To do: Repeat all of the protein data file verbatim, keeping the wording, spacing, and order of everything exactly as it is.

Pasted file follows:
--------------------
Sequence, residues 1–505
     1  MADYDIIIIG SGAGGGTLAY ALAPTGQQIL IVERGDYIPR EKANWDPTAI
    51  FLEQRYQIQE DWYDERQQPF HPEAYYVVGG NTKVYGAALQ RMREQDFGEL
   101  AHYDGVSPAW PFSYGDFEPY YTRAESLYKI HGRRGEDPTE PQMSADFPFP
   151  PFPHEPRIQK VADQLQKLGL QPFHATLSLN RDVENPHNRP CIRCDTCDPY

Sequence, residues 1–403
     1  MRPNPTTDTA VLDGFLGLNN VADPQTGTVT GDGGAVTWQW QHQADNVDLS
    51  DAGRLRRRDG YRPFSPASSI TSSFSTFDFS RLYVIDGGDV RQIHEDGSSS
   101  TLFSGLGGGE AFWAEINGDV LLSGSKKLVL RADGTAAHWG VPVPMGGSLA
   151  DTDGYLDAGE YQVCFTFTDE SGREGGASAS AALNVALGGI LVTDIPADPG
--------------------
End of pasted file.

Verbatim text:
Sequence, residues 1–505
     1  MADYDIIIIG SGAGGGTLAY ALAPTGQQIL IVERGDYIPR EKANWDPTAI
    51  FLEQRYQIQE DWYDERQQPF HPEAYYVVGG NTKVYGAALQ RMREQDFGEL
   101  AHYDGVSPAW PFSYGDFEPY YTRAESLYKI HGRRGEDPTE PQMSADFPFP
   151  PFPHEPRIQK VADQLQKLGL QPFHATLSLN RDVENPHNRP CIRCDTCDPY

Sequence, residues 1–403
     1  MRPNPTTDTA VLDGFLGLNN VADPQTGTVT GDGGAVTWQW QHQADNVDLS
    51  DAGRLRRRDG YRPFSPASSI TSSFSTFDFS RLYVIDGGDV RQIHEDGSSS
   101  TLFSGLGGGE AFWAEINGDV LLSGSKKLVL RADGTAAHWG VPVPMGGSLA
   151  DTDGYLDAGE YQVCFTFTDE SGREGGASAS AALNVALGGI LVTDIPADPG